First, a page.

Look, I understand why mock drafts take this guy. There are a lot of lists and he’s high on most. To that I would ask why? In my opinion, he gets points for points, points for being big, points for being a center, and dare I say, points for being from the OHL.
Looking deeper though, despite claims he was on a talentless team, Scheifele still racked up way more assists than goals. 75 points is no OHL record and with the ice time he got, I consider the 22 goals a red flag. I also read that 11 of his goals came down a stretch at the end. While to some that would mean he picked it up in clutch games, one must remember there were no clutch games for Barries, so he actually picked it up in meaningless games. Not one for me.
The Hockey Writers call him the safe pick. Safe picks are for rounds 3/4 in my honest opinion...
Small in stature, one gets the idea Puempel got his points for actual play rather than the potential of a big guy.34 goals wasn’t something that turned heads in past seasons, but this season it seems high for the CHL. This worries me somewhat as 34 is closer to 20 than it is to 50. Still, from all accounts he makes his living from scoring goals, but still makes time to get assists. Like Scheifele, he played on a pretty awful team, however, and with a hip injury that raises other questions doesn’t get my nod.
Not sold on Brandon either for some reason. He's already garnering comments about his two-way game, which might not be a flag with 40 goals under his belt. With 27, it starts to sound like a bit of an excuse. That said, I could be way wrong about this guy.
Duncan Siemens, Jonas Brodin, Oscar Klefbom, Joe Morrow
I’m sure these guys are all fine fellows and even better defenders. But unless someone in the organization thinks they’d be passing up the next Lidstrom or Niedermayer, I’d advise a pass on this group of Dmen. The Habs need to keep Subban around and hopefully can revitalize Markov. These have to be their bets. Together with a commitment to Weber who has shown good promise, I don’t see the need to abandon hope on finding a scorng forward to take and ever so slightly safer bet based on consensus.
This guy isn't on mmost lists, simply because they only go to pick #30. But in a year where so many 25-30 goal guys are in the running, it's a bit of a puzzle how a relatively big OHLer with 34 goals and a 69 point jump for the season wouldn't pip some of the former favourites. Let's just accept he rose from nowhere and some in the rankings racket like to save face more than they like to be objective.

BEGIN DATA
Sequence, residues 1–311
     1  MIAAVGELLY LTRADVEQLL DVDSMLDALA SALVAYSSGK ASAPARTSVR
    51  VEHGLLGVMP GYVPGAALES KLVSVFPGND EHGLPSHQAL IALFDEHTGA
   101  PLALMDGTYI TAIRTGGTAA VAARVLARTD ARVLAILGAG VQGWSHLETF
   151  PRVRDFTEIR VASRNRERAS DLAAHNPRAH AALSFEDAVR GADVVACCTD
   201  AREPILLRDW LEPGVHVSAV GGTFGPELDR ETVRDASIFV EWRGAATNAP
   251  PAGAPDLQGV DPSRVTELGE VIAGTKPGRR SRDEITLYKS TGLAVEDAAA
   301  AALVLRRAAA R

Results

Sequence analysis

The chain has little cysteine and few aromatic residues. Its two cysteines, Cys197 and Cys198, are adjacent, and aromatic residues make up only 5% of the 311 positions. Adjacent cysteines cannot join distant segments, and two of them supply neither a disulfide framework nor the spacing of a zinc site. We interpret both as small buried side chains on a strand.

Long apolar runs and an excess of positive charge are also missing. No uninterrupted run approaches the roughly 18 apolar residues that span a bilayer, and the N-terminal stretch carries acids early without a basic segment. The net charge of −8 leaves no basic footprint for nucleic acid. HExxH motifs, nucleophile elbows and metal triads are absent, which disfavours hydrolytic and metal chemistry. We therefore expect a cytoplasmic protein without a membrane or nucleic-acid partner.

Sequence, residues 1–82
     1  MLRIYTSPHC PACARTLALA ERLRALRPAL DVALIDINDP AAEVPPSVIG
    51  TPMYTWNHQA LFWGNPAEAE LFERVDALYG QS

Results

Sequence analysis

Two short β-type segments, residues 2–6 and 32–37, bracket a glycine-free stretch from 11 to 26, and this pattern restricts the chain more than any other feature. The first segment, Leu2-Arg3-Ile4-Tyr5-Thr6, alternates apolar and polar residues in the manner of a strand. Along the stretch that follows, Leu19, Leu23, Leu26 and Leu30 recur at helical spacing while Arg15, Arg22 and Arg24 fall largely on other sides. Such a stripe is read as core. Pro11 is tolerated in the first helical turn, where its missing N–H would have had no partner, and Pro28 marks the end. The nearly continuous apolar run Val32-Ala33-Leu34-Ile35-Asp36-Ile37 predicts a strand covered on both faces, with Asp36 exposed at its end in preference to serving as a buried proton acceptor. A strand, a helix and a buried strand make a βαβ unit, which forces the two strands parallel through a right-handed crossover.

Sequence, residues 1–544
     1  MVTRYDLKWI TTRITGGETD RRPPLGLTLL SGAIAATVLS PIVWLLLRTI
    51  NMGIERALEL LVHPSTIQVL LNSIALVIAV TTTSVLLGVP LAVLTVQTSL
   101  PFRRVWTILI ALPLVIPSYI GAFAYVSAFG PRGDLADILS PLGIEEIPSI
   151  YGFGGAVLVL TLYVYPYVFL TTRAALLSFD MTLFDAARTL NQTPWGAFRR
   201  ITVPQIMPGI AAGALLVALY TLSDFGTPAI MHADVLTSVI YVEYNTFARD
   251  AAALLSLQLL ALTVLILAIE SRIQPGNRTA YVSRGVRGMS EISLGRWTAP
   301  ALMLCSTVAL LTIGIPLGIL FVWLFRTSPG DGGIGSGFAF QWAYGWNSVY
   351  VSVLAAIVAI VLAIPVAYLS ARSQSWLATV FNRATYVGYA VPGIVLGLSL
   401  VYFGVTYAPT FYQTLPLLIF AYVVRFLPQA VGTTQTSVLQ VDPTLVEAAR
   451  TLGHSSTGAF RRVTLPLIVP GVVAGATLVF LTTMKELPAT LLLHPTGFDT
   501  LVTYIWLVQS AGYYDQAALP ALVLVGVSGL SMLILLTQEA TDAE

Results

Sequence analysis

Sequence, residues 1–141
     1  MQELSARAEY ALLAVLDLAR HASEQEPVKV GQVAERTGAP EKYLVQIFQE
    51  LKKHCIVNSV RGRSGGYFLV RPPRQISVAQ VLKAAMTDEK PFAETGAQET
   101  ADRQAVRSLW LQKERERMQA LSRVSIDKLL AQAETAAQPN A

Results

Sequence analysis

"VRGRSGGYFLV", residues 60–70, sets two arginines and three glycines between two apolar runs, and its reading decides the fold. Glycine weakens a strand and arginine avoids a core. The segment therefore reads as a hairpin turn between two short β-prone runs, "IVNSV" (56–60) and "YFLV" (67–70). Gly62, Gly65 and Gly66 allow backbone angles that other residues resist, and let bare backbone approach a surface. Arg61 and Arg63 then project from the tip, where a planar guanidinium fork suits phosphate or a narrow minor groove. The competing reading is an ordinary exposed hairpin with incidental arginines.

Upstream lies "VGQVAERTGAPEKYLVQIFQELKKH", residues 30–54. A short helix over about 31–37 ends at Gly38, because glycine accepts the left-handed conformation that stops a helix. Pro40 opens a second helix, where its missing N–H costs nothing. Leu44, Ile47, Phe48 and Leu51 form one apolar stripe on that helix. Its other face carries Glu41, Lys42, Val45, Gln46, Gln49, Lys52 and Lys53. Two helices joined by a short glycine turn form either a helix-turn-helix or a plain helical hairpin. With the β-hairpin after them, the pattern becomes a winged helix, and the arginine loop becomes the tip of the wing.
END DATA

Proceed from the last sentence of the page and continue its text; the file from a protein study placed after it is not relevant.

34 goals in 68 games. 77 points. Up from 3 goals last season. Noesen comes from Dallas, so he might not be under their radar. But if he slips to the Canadiens #17, he should get consideration. At the very least the team should insinuate they are going to take him to the Big D and see if Nieuwendyk coughs anything up.
From all reports, Catenacci translates to speed. The most generous comparisons liken him to Mike Cammalleri because of his speed, his attitude and his stature. After a second playoffs watching Camms, I'd sign another one of him up if I could.
"The first thing that jumps out about Khokhlachev’s game is his heart."A comment like that and 34 goals in his first OHL season, I'm certain this is a classic Russian shy-away. The Canadiens have a chance to be a bit of Russian hub with Markov, Emelin, Kostitsyn and Avtsin. Why not take advantage of the rest of the NHL's reluctance. This guy played in North America already. What more could he have done to prove he wanted to be in the NHL?
If you don't ever finish low enough to get a high pick, you have to take a chance to get a superstar. Kucherov represents a home run swing. The guy absolutely dominated the MHL, he smashed scoring recoreds at the recent U18 champs, he has potential to be something quite special offensively. I don't think the Canadiens have much to lose by swinging big this year, because at #17 they are already looking at guys that could only muster 20-some goals in junior anyway. If Kucherov is on the radar for this pick, it might be wise, however, to turn the pick into two and take him lower when he'll likely still be available due to his recent KHL: signing.
I'm a bit loathe to put another American college bound kid. We've seen our fair share of these already. But Biggs is legit. He is Big, as his name suggests, and he has a knack for scoring Big goals, if not enormous numbers of them. He has to be on the list for completeness, but he wouldn't be my first choice from these.
For me his improvement from one year to the next wasn't very impressive and it really does raise the question about how one thinks he'll suddenly become NHL 20-goal material.
Zack Phillips, Tomas Jurco
Good teams put up good amounts of goals and are populated by many high point-getters. But it's a scouts job to pick out the straw that stirs the drink. In Saint John, it seems like it was probably Huberdeau. Not to mention Simon Despres and Stanislav Galiev. I'd be wary of totals from these two forwards that may well deflate when they lose their catalysts.
He's 6'7". Let's admit not all tall guys turn out to be Chara. Some turn out to be Andy Sutton -- if you're even that lucky.
Seems like 4th fiddle on his team with some pretty crazy top end talent. Buyer beware.
I know you can't teach size. But can one really teach a 20-goal OHL player to do it at the NHL. I know there are cases where it's been done. But have the Habs really learned nothing from Turner Stevenson, Jason Ward.